Tuesday, June 17, 2008

At a Loss for Words

Invisible Man
by Ralph Ellison

This is one of those well known books that I had somehow missed reading along the way. About a year ago I read a review in the Washington Post Book World of a biography of Ralph Ellison that sounded really interesting. I had not even known that Ralph Ellison is from my own native state of Oklahoma, and was appalled that he is not celebrated more in our mutual home state. I really want to read the biography, but decided I should read his best known work before cracking it.

Invisible Man is one of those books that is quite a bit of effort, but well worth the time and energy. There are a lot of long descriptions and interior monologues that can be laborious to get through. I can't really say I enjoyed this, because it is sad and painful to read, but this is an important book. Clearly, I am not the first to notice this, since Invisible Man won the National Book Award in pre-Civil Rights America.

The reason I feel at a loss for words is the premise of the book itself. The unnamed narrator is a young black man who is just awakening to the many ways that African-Americans are not only mistreated, but also discounted, overlooked, invisible to the vast majority of white America. The narrator's ultimate disillusionment comes when he gets involved in the Communist party, believing that this is the place where his voice can be heard and systemic change can begin. Imagine his disgust when it becomes clear to him that, for all their politically correct rhetoric, the Northern Communists (known in the book as "The Brotherhood") do not have any more authentic regard for or respect for black people than the most racist Southern Klansman. It is not pretty. Ellison also effectively describes the tensions among African-Americans over the best ways to live alongside whites and make progress as a community. He is clear that we cannot assume that a people is of one mind about anything.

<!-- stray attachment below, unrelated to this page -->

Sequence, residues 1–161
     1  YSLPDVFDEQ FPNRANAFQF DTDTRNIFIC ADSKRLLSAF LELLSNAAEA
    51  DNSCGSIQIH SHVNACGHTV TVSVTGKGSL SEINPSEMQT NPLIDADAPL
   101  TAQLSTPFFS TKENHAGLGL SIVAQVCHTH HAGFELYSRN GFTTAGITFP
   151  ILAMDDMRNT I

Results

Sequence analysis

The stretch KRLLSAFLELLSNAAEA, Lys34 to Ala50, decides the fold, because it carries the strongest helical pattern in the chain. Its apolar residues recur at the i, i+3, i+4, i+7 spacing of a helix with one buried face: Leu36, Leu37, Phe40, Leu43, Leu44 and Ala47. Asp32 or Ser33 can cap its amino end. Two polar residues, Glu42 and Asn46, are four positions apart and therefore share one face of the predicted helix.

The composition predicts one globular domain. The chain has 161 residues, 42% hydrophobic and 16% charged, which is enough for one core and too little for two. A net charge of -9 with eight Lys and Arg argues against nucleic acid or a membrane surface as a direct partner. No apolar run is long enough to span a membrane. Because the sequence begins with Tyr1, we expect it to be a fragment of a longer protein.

So we can see that it is hard to describe the book. Even to say "I feel like I understand the black experience so much more now" feels presumptuous, and for way too long so many of us presumed way too much. I do feel, though, that Ellison pulled back the curtain just a bit, that his story allowed otherwise oblivious Americans to begin to empathize with black people. This seems like a book that needs to be experienced and lived with rather than described.

The ending of Invisible Man is moving. In spite of all his frustration and anger, even when he does not know what his own future holds, the narrator comes to the conclusion that "the only way to overcome hate is through love." Amen to that.

Reverent Reader


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